NORTHERN Health workers have thrown their support behind cancer charity fundraiser Dry July.
The Dry July fundraiser involves people abstaining from alcohol for the month of July each year, with friends, family and co-workers sponsoring them for their efforts.
All money donated goes towards providing services for cancer patients and their families.
Northern Health administrator Michelle Fenwick took part in Dry July this year and had raised $2700 by yesterday afternoon.
A team of Northern Health workers had collectively garnered more than $11,000 for the Dry July Foundation.
Ms Fenwick said money raised by her and the rest of the Northern Health staff would go directly towards helping patients at the Northern Hospital in Epping.
“I decided to participate in Dry July this year because I’ve been affected directly by either family or friends – some who are still here and some that I have lost,” she said.
“My beneficiary this year is Northern Health cancer services, which encompasses oncology, palliative care and hospital in the home. Raising funds for this is very important to me because it will help to raise funds for vital signs monitors and patient treatment chairs.”
Ms Fenwick said she had already exceeded her initial goal of raising $1000 and encouraged the community to support her and the rest of the Northern Health team.
“When I started, my goal was to raise $1000 and [I’m now past] $2500 so I’m not going to make a goal – we’ll just see where it ends up,” she said.
“I think it’s important for people to raise funds and sign up for Dry July because just being a part of something creates team camaraderie but it also brings awareness and then you start thinking about it.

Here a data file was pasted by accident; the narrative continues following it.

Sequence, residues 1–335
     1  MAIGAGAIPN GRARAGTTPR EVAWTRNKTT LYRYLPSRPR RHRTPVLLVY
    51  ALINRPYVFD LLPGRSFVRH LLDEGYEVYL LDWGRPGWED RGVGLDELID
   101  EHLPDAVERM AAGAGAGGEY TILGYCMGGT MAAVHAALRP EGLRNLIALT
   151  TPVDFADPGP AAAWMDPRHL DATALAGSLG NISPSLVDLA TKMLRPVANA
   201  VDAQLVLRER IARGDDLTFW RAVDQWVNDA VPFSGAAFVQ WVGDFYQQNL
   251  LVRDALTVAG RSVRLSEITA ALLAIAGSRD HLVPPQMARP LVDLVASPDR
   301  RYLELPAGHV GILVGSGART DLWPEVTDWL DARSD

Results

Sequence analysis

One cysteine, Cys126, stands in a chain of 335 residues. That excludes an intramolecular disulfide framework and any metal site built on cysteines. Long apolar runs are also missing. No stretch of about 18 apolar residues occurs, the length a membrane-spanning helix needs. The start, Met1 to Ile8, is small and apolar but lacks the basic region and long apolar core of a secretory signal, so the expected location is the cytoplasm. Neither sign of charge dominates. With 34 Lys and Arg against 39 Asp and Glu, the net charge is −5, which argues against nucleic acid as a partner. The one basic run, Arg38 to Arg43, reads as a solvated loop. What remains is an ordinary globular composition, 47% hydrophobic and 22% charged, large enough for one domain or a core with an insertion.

“It’s such an easy thing to give up alcohol for a month compared to those who are going through greater struggles such as surgery, visits to oncology and undertaking extensive treatment protocols. Not to mention those who do all the hard work and find out that the first treatment or second treatment didn’t work and then commence a third treatment protocol for another month or year.
“So, 31 days is a small sacrifice for my part.”
Dry July Foundation chief executive Brett Macdonald said it was an important time for communities to support cancer patients.
“Aussies have had a really challenging first half of 2020. But what remains unchanged is that people affected by cancer still need our support,” he said.
“In fact, they need our support more than ever. We need as many people as possible to get involved with Dry July this year.
“It is clear that the Aussie spirit has not faltered during this challenging time, and it is this remarkable spirit that we are counting on to help Dry July Foundation raise these vital funds for people affected by cancer.”